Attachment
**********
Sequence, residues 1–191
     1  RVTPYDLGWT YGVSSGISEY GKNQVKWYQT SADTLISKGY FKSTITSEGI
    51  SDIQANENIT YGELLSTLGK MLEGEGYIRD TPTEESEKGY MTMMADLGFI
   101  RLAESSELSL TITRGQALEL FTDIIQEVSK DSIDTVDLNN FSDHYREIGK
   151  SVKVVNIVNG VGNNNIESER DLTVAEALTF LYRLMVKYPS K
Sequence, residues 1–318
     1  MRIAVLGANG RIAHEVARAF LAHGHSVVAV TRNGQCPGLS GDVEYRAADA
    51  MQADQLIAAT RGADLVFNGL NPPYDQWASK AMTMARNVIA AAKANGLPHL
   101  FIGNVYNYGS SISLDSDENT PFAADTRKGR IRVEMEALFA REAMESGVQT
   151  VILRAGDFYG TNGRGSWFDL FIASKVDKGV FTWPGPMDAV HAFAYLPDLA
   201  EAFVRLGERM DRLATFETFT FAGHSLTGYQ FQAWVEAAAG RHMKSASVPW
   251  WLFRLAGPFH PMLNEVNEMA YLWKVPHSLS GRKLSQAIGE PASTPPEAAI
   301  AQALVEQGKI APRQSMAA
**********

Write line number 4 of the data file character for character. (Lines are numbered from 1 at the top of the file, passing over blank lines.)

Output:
   101  RLAESSELSL TITRGQALEL FTDIIQEVSK DSIDTVDLNN FSDHYREIGK